Review: After being lambasted for back-to-back sci-fi blockbuster backlash – The Last Airbender and After Earth, M. Night Shyamalan, the once auteur and Oscar-caliber director, returns to his most favorable genre, mystery thriller, in The Visit.
Joining force with Blumhouse, Shyamalan takes advantages from single location formula, effective mockumentary style and low-budget freedom to make a fun mystery joyride, which might remind viewers to the good ol’ days.
One thing that makes The Visit different from any of Shyamalan’s twisting works lies on its simplicity. How Shyamalan works on his bland script to create a fresh thriller might look ridiculous and absurd on the paper, but the execution really probes a real excitement if you like hide and seek kind of mystery thriller. To make it even joyful, Shyamalan sets the whole tone in a more comic relief one to balance with some occasional burst of scare – that unfortunately doesn’t really work.
Pairing two unfamiliar young talents with particular amount of confidence, Shyamalan sends his two pawns – Becca (Olivia DeJonge), a 15-year-old girl with special interest in cinematography and obsession to documentary, and her brother, Tyler (Ed Oxenbould), a 13-year-old boy with interest in rap and phobia of germs – to meet grandparents they never seen before. Their grandparents, Nana (Deanna Dugan) and Pop Pop (Peter McRobbie), seem like a straight-good old people living in countryside with happy but old-school rules. Those who are familiar with Shyamalan’s works might have seen the twist coming; but Shyamalan seems like refusing to give in as he plays along to keep the mystery alive and, surprisingly, fun.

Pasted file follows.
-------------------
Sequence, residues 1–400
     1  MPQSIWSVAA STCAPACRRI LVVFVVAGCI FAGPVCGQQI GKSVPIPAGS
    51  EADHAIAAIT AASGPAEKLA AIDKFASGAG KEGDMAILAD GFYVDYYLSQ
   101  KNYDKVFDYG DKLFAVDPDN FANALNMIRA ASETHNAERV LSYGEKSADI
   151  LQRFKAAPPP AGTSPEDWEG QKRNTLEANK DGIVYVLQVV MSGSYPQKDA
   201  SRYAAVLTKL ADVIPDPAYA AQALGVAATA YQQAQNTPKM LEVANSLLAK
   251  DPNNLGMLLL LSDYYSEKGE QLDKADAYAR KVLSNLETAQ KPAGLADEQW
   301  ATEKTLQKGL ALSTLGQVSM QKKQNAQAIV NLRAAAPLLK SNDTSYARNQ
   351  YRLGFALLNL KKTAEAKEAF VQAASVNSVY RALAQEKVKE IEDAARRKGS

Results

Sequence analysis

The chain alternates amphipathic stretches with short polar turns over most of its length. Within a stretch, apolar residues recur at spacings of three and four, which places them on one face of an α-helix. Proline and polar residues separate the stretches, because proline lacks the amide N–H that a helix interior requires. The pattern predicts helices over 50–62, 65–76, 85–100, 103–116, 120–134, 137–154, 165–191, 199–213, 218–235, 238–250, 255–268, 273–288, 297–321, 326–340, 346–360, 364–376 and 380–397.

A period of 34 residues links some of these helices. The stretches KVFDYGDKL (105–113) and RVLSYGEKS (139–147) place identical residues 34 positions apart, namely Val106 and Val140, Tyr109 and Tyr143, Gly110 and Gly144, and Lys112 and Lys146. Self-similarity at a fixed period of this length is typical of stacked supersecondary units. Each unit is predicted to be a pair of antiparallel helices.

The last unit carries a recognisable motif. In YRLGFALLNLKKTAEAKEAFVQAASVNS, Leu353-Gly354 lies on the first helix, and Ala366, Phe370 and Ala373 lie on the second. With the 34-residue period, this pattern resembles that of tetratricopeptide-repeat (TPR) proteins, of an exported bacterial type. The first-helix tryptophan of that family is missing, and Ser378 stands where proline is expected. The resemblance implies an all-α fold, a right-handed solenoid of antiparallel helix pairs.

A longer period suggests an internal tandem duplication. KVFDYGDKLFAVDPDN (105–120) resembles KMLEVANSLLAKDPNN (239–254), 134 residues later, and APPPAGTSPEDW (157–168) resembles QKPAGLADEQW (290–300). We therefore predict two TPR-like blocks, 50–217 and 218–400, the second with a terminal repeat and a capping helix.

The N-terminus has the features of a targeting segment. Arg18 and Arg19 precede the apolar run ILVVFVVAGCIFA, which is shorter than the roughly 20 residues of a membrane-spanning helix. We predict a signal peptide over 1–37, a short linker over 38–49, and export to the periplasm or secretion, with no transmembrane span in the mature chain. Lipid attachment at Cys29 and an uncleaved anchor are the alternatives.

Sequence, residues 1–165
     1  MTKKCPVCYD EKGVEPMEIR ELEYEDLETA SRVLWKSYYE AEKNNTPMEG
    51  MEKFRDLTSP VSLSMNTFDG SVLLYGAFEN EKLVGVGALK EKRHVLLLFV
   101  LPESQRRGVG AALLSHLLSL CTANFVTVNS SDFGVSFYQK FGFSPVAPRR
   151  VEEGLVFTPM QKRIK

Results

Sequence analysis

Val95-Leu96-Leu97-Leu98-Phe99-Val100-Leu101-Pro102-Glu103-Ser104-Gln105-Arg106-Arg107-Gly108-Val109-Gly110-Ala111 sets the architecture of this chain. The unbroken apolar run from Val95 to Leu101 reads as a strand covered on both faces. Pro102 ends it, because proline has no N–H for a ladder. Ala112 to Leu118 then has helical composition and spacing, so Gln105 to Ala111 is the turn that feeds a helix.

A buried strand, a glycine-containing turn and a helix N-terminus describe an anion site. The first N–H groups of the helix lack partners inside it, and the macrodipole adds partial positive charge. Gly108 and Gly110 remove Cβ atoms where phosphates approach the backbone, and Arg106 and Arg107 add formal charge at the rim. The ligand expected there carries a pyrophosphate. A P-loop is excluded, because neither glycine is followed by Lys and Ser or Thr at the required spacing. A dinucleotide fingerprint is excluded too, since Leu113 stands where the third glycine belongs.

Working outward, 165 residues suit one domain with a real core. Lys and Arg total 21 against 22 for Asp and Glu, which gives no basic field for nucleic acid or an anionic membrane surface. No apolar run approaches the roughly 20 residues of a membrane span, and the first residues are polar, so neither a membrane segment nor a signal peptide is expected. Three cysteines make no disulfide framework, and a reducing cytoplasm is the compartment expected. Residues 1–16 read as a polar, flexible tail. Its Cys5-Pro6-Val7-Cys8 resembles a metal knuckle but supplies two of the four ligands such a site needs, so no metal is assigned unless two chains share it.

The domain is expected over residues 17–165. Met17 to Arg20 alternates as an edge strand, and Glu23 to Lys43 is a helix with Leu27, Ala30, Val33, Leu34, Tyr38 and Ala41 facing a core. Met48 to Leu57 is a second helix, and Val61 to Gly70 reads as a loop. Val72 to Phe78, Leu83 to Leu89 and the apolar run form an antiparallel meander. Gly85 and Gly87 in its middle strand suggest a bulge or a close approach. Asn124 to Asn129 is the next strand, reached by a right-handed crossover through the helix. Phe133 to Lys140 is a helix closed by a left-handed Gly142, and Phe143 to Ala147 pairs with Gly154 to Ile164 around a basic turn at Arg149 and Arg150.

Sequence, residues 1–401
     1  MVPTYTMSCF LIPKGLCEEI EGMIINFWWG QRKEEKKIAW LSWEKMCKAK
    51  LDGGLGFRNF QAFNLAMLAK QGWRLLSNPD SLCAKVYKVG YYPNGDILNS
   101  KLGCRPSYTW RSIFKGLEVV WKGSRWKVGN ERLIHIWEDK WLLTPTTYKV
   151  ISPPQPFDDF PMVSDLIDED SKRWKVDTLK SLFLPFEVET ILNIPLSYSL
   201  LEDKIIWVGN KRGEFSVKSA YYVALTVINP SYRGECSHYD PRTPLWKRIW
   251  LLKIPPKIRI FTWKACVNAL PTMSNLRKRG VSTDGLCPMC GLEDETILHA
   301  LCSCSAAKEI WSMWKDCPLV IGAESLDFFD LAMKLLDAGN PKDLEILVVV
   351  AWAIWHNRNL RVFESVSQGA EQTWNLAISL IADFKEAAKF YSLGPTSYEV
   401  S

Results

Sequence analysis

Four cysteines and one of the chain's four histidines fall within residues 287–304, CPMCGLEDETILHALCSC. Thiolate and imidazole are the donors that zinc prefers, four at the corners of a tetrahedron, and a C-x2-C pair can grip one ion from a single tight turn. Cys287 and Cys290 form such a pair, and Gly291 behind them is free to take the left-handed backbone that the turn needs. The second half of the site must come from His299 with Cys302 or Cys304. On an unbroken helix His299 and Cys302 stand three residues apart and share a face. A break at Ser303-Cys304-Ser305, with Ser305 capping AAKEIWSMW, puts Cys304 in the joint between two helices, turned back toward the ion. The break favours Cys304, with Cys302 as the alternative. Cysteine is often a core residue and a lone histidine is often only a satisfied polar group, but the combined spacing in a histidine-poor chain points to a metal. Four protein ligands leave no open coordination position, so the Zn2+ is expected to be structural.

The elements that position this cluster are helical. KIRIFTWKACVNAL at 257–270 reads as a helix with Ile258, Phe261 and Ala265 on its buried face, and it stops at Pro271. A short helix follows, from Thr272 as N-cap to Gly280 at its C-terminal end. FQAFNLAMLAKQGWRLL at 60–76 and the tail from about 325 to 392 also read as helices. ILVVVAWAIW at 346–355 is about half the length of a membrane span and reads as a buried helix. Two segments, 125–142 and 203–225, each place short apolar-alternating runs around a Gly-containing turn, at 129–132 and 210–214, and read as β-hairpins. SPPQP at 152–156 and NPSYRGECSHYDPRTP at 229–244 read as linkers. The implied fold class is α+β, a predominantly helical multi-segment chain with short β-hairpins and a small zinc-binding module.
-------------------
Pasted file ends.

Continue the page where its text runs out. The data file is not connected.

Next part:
In the end, the final twist might feel underwhelming but this time Shyamalan wins for it’s not his ‘main course’ just like he always does. One key point of The Visit that makes it works is: the old people’s charming performance. As pivotal figures to the story-telling, they really have taken Shyamalan’s script into a living peculiarity. The two teenagers also give groundbreaking innovation to the perspective of horror’s victims – unlimited curiosity and, most importantly, silly nature in coping up with the plot.
The Visit is clearly not a big return for Shyamalan to his name-making genre; but it certainly deserves a very warm welcome.
The Visit (2015)